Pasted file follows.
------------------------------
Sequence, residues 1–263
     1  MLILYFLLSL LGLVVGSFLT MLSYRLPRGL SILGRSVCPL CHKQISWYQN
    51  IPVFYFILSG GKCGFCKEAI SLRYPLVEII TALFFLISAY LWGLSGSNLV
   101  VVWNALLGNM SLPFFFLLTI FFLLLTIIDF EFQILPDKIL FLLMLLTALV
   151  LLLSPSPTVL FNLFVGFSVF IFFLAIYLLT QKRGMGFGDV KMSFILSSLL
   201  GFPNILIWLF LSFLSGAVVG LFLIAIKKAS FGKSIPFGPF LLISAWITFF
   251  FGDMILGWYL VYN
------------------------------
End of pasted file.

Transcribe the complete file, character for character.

Sequence, residues 1–263
     1  MLILYFLLSL LGLVVGSFLT MLSYRLPRGL SILGRSVCPL CHKQISWYQN
    51  IPVFYFILSG GKCGFCKEAI SLRYPLVEII TALFFLISAY LWGLSGSNLV
   101  VVWNALLGNM SLPFFFLLTI FFLLLTIIDF EFQILPDKIL FLLMLLTALV
   151  LLLSPSPTVL FNLFVGFSVF IFFLAIYLLT QKRGMGFGDV KMSFILSSLL
   201  GFPNILIWLF LSFLSGAVVG LFLIAIKKAS FGKSIPFGPF LLISAWITFF
   251  FGDMILGWYL VYN